Am I allowed to hate Silent Night?Review
On the eve of the 100th anniversary of the armistice which ended the First World War, audiences who walked into the Kennedy Center’s Eisenhower Theater were presented with an ever-scrolling list of names and dates projected on a screen at the stage’s proscenium - the names of the men, in the hundreds of thousands, who were killed in the most violent military conflict mankind had ever engaged in. This, among other elements of Tomer Zvulun’s new production of Silent Night, winner of the 2012 Pulitzer Prize for music composed by Kevin Puts on a libretto by Mark Campbell, lets the piece serve as much as a memorial than simply a piece of theater. But this aspect of it made me feel conflicted about it as a critic; I found myself thinking, am I allowed to hate this piece as much as I do?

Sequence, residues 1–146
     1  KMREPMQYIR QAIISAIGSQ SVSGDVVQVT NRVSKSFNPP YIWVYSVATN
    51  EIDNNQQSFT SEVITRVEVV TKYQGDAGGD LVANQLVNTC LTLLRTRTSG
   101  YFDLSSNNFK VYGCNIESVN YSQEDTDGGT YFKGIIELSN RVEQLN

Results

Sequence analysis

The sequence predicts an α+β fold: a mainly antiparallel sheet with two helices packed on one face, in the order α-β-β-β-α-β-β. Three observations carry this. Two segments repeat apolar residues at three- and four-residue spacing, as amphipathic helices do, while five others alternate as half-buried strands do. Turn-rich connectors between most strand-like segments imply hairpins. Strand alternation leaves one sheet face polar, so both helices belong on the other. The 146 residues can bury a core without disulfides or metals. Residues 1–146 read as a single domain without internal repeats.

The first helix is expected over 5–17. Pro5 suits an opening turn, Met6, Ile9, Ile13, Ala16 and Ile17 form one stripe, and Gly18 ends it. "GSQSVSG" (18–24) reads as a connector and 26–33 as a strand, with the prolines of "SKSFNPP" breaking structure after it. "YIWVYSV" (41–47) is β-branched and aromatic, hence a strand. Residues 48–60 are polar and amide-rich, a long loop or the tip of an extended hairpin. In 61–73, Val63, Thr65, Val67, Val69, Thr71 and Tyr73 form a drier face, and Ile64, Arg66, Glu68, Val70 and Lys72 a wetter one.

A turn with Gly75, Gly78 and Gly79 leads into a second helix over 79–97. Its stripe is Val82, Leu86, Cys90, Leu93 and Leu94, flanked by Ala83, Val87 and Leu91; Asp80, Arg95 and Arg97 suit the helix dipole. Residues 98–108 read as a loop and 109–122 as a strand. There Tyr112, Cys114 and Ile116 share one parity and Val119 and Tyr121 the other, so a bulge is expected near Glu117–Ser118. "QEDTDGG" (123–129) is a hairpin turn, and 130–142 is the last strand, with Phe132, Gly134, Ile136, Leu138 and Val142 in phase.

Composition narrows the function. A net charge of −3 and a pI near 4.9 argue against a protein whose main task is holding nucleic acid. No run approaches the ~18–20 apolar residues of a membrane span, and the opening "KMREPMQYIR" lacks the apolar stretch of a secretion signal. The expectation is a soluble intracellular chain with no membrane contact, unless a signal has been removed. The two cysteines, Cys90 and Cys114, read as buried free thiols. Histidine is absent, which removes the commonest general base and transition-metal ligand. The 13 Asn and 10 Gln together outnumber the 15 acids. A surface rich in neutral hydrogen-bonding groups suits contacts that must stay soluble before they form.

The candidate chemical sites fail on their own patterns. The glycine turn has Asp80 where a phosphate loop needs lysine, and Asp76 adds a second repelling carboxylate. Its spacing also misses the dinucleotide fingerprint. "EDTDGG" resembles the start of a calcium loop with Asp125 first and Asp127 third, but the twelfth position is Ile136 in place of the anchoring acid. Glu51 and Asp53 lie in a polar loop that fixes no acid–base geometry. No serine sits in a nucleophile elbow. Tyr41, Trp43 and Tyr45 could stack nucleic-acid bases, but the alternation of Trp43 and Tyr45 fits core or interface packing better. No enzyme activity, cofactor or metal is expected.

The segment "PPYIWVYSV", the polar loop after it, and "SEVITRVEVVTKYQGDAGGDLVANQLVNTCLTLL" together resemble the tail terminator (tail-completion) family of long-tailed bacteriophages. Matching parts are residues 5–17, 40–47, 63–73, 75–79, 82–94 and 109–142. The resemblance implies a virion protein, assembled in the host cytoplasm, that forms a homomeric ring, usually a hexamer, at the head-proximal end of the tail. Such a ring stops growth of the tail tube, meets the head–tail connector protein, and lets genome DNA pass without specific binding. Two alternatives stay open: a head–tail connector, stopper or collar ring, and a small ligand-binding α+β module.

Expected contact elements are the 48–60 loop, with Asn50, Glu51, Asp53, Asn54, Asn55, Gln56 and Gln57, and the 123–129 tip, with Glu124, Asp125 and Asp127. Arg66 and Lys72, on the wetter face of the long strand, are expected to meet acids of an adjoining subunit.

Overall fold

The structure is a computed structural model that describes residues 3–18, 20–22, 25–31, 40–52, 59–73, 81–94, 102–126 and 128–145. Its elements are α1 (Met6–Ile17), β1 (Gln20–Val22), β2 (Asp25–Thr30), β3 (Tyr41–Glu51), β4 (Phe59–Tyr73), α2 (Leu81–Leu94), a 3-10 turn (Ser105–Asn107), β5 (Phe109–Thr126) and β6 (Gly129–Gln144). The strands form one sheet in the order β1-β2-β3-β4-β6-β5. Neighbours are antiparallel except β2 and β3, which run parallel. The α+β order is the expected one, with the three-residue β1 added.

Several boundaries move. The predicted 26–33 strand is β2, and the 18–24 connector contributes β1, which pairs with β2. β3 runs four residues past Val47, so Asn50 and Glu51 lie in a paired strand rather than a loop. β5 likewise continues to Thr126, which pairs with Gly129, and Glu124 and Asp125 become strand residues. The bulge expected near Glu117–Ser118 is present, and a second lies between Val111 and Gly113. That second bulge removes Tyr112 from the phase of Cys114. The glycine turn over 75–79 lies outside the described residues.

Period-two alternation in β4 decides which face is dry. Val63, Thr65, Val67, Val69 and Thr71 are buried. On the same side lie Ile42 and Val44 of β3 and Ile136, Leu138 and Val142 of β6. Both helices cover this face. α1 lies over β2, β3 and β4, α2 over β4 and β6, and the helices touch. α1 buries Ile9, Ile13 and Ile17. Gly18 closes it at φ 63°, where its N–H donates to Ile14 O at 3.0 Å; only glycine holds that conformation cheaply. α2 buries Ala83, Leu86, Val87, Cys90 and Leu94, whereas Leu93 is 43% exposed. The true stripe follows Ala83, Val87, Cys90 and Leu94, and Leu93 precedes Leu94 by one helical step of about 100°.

And I’m sorry, but I did hate it. These are words I’ve almost never uttered about an opera, and it doesn’t feel good to be typing them now. The work’s overall message - that if we can only see the humanity in our opponents, then we might be able to put an end to the violence of war - rings hollow when the fascism and authoritarianism that rose out of the ashes of the Great War (something the libretto only acknowledges in passing) are looming once again in the 21st century. In a review of the 2005 film on which Puts based his opera, New York Times film critic Stephen Holden wrote, “Why does Joyeux Noël … feel as squishy and vague as a handsome greeting card declaring peace on earth? Maybe it’s because the kind of wars being fought in the 21st century involve religious, ideological and economic differences that go much deeper and feel more resistant to resolution than the European territorial disputes and power struggles that precipitated World War I.” And this assessment is fitting for the opera as well.